The 5 Best Post Hole Diggers [Ranked]
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In this post we examine five of the best-selling post-hole diggers.
First we'll examine whether to buy a manual or a powered option, then compare five of the more popular digging tools on the market.
If you are planning to put up something like a mailbox, you are going to need a way to dig a hole to keep it in place. This is where a post hole digger comes in. These digging tools help to create an initial hole in the ground to install a fence, mailbox, and more.
The Two Types Of Diggers: Manual vs Powered
There is also the choice of an automatic post hole digger. These models refer to both electric and gas-powered post hole diggers. For these models, the operator is generally working with harder ground, such as clay (Source).
To determine what kind you will be using, it is best to test the soil in the area of the desired hole. You can also choose to buy one of these devices or use a rental post hole digger. If you are using this as a one-time or rare job, renting is fine. If you use one of these often, though, you might want to consider buying instead (Source).
- The Two Types Of Diggers: Manual vs Powered
- Post Hole Diggers Compared
- How Do The Post Diggers Compare
- Best Post Hole Diggers For 2021
- How To Use A Post Hole Digger
- How to Use a Post Hole Digger
- What Are Buyers Saying?
Post Hole Diggers Compared
How Do The Post Diggers Compare
How do the options we are looking at here differ, though? First, only one of these options isn't manual- the Southland Auger is a gas-powered post hole digger, making it the best choice for tough ground.
Next, though, the main difference was the design of each option. Choices such as the Jackson Dig EZ and the Fiskars options were fan favorites. This is because their ergonomic design allowed users to suffer bruised knuckles less.
What each of these options had in common, though, is durability. While not every option is professional grade, it worked for customers whose needs it fit. Most important, it did so without breaking, saving customers money on unnecessary replacements.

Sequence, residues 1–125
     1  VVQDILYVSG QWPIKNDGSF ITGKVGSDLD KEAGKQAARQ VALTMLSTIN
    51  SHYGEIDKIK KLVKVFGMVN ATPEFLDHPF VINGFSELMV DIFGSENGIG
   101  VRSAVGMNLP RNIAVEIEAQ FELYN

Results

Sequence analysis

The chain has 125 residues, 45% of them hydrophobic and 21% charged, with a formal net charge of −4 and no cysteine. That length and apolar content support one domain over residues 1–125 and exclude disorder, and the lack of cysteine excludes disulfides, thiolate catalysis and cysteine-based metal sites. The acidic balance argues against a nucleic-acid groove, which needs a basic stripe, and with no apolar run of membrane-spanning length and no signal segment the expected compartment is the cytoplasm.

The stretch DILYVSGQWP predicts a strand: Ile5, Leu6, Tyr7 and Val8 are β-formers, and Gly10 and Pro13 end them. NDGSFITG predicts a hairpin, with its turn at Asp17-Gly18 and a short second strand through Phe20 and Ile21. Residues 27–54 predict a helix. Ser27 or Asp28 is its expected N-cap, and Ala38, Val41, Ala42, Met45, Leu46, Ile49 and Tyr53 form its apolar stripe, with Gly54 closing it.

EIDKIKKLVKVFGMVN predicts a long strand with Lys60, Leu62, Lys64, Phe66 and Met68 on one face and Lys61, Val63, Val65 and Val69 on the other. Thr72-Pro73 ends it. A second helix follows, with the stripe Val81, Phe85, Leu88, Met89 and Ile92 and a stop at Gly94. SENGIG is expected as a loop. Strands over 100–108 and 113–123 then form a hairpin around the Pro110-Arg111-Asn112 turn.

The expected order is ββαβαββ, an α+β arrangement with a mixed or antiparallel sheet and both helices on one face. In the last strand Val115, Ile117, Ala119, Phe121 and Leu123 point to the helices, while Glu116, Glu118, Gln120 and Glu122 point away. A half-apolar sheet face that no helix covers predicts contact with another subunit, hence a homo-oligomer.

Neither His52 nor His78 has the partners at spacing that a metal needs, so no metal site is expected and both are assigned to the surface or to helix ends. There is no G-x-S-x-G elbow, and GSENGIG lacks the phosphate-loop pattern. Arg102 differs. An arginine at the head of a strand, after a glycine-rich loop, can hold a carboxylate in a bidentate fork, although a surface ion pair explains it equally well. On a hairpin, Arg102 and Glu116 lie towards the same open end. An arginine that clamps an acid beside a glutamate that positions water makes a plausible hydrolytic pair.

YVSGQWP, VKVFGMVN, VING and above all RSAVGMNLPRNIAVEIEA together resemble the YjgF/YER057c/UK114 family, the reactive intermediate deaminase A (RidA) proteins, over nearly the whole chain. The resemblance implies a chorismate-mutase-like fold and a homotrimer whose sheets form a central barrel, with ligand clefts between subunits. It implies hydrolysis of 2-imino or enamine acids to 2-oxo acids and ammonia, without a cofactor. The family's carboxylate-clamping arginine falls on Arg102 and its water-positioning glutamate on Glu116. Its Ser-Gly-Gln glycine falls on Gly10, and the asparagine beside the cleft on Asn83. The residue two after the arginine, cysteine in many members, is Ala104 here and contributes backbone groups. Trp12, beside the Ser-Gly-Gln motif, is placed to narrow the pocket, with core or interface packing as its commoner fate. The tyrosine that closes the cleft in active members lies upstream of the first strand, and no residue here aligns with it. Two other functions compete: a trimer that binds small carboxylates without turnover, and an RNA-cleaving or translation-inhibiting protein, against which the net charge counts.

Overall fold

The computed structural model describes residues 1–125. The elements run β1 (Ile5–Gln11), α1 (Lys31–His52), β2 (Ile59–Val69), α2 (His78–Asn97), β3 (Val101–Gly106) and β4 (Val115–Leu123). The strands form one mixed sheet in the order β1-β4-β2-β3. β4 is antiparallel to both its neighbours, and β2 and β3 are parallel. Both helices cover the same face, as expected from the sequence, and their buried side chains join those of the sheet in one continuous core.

Customers have had a lot to say about the post hole diggers we are looking at today. Particularly, they noted that there's a significant difference between casual and professional use. If you plan to use your post hole digger a lot, many suggest you invest in a professional-grade choice.
Best Post Hole Diggers For 2021
How To Use A Post Hole Digger
- Take a look at the type of soil you are about to dig in. Not only is this important to know if it is firm enough but it will affect the type of post hole digger you use.
- Measure the area you are working with and mark where you are working to make it easier.
- The weight of the post hole digger is ideal for getting into the ground and you can open its jaws to dig deeper. If you wait until the soil is moist, you are more likely to have an easier time with this.
- Lift the dirt out of the hole with the post hole digger
- Deepen the hole as needed and flat-pack the soil to give the hole a flat base.
- Place the object the hole was dug for in the hole and pack dirt around it.
How to Use a Post Hole Digger
When it comes to properly operating one of these post hole diggers, we thought it made sense to dive into some more specifics on how to handle these digging tools.
Referring to one of our favorite websites doityourself.com, they recommend that before you even begin working that you first make sure you have on hand a tape measure, chalk line, garden staples, sand and fine gravel, eye protection, pencil and paper, fabric marker tags, the manual or power post hole digger, hardhat, and safety footwear.
Once you have all of those items assembled, to ensure secure and straight fencing you'll want to learn how to properly operate your tool. One of the more important considerations is to get a soil analysis conducted before you start any work. This will help you determine whether you'll be using a manual or a powered post hole digger. If you have heavy clay soils you'll need to opt for an earth auger or a powered digger.